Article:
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February 2011

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Shifting Mindsets on our continent

I was stunned to find leading foreign affairs and social commentators entangled in a twitter war of views on the ‘real’ impetus for the recent Tunisian coup. Now while these debates started before President Zine El Abidine Ben Ali was ousted and found refuge in Saudi Arabia, the question being asked via twitter was whether this social network had played an even bigger role in the revolution than merely just reporting on what was happening.

Commentators were spouting that this was perhaps the first real twitter revolution? Now, whether or not there is any merit to this proposition really isn’t of concern for me, what is far more significant is the fact that this debate, and the brave manner in which the Tunisian people acted towards Ben Ali’s dictatorship must surely indicate that there’s a change waving over our great continent. When a people are brave enough to protest against corruption within their leadership to the point of  forcing a resignation, and when technology plays such a pivitol role on the continent, then we cannot help but feel a sense of truth in respect of Thabo Mbeki’s notions of an African rebirth.

And these sentiments are surely echoed in the robust nature of Africa’s global interaction with countries such as China and India, who have already taken a long-term investment look at the continent, and have already here enjoyed some successes. Even a recent PricewaterhouseCoopers Global Chief Executive Survey reveals that African growth prospects are excellent and confidence generally is high.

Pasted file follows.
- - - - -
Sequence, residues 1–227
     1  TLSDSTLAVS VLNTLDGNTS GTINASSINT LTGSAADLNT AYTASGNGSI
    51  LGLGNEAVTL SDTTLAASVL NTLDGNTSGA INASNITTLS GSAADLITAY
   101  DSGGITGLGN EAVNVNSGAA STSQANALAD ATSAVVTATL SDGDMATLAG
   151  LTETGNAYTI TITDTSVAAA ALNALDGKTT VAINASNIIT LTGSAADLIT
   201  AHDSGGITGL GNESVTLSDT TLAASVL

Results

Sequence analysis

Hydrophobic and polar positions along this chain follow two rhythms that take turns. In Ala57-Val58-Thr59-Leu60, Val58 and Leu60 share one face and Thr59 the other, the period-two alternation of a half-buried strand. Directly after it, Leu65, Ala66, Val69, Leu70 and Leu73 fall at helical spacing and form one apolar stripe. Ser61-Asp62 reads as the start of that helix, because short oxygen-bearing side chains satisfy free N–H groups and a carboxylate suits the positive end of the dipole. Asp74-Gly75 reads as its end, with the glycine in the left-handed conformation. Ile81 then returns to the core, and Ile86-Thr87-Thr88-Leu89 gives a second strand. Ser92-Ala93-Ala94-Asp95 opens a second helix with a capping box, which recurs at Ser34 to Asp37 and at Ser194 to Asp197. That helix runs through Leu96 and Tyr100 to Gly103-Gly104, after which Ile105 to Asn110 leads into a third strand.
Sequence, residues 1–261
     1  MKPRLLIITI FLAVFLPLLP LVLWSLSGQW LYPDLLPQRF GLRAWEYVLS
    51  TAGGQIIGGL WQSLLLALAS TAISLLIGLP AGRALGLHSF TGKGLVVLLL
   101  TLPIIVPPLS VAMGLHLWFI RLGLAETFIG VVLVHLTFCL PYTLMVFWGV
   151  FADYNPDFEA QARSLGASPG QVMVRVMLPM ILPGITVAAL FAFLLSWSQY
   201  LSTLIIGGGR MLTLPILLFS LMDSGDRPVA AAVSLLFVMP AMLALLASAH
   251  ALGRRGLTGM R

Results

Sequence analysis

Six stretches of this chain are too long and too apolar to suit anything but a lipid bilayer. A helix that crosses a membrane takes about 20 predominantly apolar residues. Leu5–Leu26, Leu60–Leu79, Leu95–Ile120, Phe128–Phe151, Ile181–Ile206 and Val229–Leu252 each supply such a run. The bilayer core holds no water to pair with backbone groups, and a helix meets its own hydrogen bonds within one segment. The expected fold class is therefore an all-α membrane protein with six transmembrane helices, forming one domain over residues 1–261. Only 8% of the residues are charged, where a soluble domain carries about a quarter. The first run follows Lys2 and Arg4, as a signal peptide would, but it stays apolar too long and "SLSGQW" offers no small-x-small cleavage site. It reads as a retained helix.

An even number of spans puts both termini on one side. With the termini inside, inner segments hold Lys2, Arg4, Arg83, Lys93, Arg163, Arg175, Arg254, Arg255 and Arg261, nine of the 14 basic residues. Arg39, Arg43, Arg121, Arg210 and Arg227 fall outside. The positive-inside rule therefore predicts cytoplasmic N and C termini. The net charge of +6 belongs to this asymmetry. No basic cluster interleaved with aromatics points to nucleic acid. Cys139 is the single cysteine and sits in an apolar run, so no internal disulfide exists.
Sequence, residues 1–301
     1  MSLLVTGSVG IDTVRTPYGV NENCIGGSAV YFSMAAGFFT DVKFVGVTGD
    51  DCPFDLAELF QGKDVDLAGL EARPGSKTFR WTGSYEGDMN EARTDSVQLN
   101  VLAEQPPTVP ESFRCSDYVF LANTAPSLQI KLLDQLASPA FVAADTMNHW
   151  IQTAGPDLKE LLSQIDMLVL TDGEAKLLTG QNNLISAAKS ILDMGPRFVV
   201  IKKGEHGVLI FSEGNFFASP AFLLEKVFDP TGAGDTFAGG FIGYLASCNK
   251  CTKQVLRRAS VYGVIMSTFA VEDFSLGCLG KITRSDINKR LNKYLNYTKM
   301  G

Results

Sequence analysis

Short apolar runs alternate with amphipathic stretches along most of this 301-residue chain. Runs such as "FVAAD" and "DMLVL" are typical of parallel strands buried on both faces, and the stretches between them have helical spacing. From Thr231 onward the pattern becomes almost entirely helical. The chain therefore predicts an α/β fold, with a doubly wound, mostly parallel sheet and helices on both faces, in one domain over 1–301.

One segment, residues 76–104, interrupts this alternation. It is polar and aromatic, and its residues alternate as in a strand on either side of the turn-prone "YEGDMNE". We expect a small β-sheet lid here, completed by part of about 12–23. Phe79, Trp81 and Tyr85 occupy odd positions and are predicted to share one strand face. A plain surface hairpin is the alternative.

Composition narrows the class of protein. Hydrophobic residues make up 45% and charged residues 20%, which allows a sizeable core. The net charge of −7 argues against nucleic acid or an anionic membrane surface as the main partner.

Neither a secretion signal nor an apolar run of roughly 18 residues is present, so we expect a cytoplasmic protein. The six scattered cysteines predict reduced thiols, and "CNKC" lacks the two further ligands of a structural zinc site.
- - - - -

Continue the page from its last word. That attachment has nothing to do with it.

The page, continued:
But we are all aware that, despite the optimism, many stumbling blocks still threaten to keep the divide between the continent and the global business community wide.

So, in this issue, we speak frankly about the realities of doing business in Africa. The unpredictable business environment, issues for new policy discussions, and a mind-set shift for all of us wanting to expand our business offerings further on the continent. The shift is necessary, not only for the growth of our own markets, but also for the benefit of communities in which we do business.

Bill Egbe, president of the Coca-Cola Company’s South African unit, speaking during the recent Fortune/Time/CNN Global Forum in Cape Town adds: “We have operations in every single country on the continent, even some that don’t have governments like Somalia and Somaliland. People sometimes ask, ‘how does that work?’ It works because you understand that you can create a business opportunity, and people can see beyond the politics to engage around the business opportunities. And the other reason why it works is because you engage local investors in those businesses. Those are the fundamentals of a sustainable business”. asa

Raina

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